Figure 2. The lipid nanoparticle formulation is engineered to protect the cargo all the way to the critical endosomal escape event. In addition to the mRNA, the formulation includes several different types of molecules. The ionizable lipid helps package the mRNA in the carrier. There are also protective lipids, pegylated lipids, some conventional natural lipids, and cholesterol.
The lipid nanoparticle formulation is engineered to protect the cargo all the way to the critical endosomal escape event, and the ionizable lipid helps package the mRNA in the carrier, Prof Höök explains. The lipid nanoparticles are made at low pH where the ionizable lipid is positively charged, and then they associate in a microfluidic-based fabrication process with the RNA which is negatively charged. There are also protective lipids, cholesterol, pegylated lipids, and some conventional natural lipids. Together, they spontaneously form the lipid nanoparticles where the cargo is protected, preferably all the way to the critical escape event. But this is a complex process, and as I already mentioned, the efficiency is not very high. The efficiency of viruses is not 100% either. Not every virus that interacts with a cell is taken up. The efficiency is likely to be higher than we have so far reached though. And when I say ‘we’, it is really not we who developed this lipid nanoparticle design. We have learned how they are made through the collaborators in FoRmulaEx. Much of this is common knowledge, but of course there is a lot of new knowledge that is generated that is not yet public, neither for us or for anyone else, because this is this is now a very, very hot topic where we try to contribute fundamental insights that potentially, or hopefully, could aid the further development of this delivery concept, Prof. Höök says.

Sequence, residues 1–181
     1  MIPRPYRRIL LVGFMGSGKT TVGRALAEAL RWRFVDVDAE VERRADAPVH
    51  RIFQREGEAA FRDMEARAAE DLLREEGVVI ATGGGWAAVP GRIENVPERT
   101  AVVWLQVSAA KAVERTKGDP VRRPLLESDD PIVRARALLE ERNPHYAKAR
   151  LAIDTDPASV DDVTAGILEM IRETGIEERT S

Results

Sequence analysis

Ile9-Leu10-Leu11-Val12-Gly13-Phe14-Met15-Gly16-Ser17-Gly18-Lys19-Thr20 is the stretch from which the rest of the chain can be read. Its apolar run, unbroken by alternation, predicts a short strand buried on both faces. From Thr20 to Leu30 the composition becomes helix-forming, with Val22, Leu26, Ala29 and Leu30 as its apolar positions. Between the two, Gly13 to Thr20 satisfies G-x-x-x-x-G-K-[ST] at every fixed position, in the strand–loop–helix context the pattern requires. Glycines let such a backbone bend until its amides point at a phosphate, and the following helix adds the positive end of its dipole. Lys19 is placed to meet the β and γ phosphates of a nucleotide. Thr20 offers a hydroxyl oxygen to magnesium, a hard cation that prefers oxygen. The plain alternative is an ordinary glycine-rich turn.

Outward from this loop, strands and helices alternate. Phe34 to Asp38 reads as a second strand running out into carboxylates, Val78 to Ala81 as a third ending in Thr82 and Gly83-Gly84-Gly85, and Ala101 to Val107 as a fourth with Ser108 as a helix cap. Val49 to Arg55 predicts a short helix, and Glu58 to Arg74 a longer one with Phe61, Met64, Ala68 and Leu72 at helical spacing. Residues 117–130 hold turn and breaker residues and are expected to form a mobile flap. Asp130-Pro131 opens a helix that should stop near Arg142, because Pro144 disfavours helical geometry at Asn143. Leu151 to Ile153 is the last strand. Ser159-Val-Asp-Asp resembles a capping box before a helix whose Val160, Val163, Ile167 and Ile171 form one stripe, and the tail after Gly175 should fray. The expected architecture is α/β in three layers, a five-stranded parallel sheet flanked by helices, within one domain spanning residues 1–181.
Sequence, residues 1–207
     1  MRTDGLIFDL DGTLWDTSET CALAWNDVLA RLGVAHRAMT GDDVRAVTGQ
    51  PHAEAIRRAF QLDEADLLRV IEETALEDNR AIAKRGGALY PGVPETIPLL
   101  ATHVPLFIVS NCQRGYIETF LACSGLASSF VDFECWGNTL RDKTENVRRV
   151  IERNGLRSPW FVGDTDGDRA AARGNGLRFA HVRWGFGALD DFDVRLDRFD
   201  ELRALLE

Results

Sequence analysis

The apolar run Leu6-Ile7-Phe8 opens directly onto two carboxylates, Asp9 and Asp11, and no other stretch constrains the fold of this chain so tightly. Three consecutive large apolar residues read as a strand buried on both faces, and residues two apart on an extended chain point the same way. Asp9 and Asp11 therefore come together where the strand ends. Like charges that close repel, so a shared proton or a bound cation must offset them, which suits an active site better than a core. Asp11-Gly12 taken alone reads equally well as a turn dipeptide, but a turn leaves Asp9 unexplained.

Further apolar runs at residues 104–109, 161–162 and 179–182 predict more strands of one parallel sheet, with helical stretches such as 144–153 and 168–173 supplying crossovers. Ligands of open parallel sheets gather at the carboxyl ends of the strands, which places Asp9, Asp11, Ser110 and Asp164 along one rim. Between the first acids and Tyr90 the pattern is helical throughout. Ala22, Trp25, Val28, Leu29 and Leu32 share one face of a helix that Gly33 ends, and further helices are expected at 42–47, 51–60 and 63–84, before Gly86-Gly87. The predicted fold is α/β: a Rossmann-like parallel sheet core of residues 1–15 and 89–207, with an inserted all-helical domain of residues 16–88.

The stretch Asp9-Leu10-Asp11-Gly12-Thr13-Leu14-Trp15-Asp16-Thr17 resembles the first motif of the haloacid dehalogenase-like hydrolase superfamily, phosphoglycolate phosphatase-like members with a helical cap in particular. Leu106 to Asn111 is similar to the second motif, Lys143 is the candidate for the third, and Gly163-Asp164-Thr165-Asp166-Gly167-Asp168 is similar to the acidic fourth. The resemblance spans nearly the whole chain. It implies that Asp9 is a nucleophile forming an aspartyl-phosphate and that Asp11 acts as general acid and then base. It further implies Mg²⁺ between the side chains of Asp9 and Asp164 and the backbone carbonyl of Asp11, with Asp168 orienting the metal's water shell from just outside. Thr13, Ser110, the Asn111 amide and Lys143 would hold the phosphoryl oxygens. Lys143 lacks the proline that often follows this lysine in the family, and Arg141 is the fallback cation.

Even though the model membranes that we use are very reductionistic in a sense, many of the physical principles like domain formation, diffusion events and so forth, are still fairly representative, Prof. Höök says. A major limitation with supported membranes formed on glass, which is one of the few materials that the membranes form on, however is that neither the organelles nor the outer cell membrane is on a solid surface. The surface hinders the mobility of lipids, the domain formation and so forth, which is an obstacle when it comes to translating our observations to the world. There has been significant effort devoted to finding means to separate the distance between the membrane and the solid surface, for example using tethered membranes. Once those principles of separating the membrane from the surface start to be more and more established, we will also be able to increase the complexity of the membrane mimics, Prof. Höök says.
One popular route to increase the membrane complexity, which is already in use, is to do hybrid membranes, Prof. Höök continues. You take a cell membrane and mix that with a fraction of synthetic lipids that promote bilayer formation on planar surfaces. Then you mimic the complexity of the cell membrane. That direction looks promising. But what is not sustained yet is to preserve the asymmetry of the membrane, i.e., the fact that the lipid composition on one side of the membrane is different to the lipid composition on the other side. The asymmetry does not survive this process when it comes to planar membranes. You can make vesicles and there the asymmetry is more preserved. This aspect makes vesicles interesting. A drawback with vesicles, however, is that it is not as straightforward to use the surface analytical tools as it is on planar surfaces, Prof. Höök says.